John Tallis (1838-51) founder of Tallis and Co., London map publishers who traded under various names: L. Tallis, Tallis & co, John Tallis, John Tallis & co. (London & New York) between 1838 and 1851. After 1850-51, their maps were published by the London Printing and Publishing Co., London and New York. The Illustrated Atlas of the World, published in 1849 with the maps and decorative vignette’s engraved and drawn by John Rapkin, was one of the last atlases to be truly decorated and is therefore highly prized.
These atlas maps were first published in serial form to a target audience for which the expense and hardship of travel was prohibitive. The progress of the nineteenth century brought swift and dramatic changes in public awareness of far-away places. Tallis’ maps likely played an important role in this dramatic awakening. These maps not only provided up-to-date geographical knowledge, but also used vignette views within the map’s design to show the native people and their occupations, cities and points of interest. The maps remind us of a cartographic tradition from the Dutch mapmakers of the seventeenth century with finely engraved decorative borders.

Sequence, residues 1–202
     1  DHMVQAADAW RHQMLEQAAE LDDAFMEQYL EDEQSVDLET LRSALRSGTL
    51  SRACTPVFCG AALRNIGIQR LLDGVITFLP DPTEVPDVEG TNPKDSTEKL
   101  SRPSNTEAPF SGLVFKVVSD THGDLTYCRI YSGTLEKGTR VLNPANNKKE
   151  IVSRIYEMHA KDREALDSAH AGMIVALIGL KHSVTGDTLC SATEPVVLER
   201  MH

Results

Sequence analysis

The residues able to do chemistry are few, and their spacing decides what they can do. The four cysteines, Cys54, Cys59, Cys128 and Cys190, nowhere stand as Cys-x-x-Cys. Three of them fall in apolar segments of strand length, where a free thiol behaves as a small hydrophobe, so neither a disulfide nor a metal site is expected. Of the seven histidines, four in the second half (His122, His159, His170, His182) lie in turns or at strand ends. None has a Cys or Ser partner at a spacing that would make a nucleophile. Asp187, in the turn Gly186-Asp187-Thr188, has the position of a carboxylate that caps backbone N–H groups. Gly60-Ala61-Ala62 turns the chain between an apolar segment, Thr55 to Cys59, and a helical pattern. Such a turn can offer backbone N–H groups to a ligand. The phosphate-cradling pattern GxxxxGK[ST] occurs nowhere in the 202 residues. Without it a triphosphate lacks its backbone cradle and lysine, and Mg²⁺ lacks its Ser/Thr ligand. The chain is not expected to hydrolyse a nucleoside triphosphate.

Rapkin’s maps included views drawn and engraved by a number of prominent artists. The maps were issued as a complete volume from 1851 until about 1865. Some of the maps were also published in other history books published by Tallis including the British Colonies and, without the vignettes, in geographical dictionaries and encyclopedias until about 1880.
A successful eighteen century (1705-65) Amsterdam publisher who produced extensive volumes of Dutch town plans as well as a number of atlases with maps usually based on those of Guillaume De L’Isle.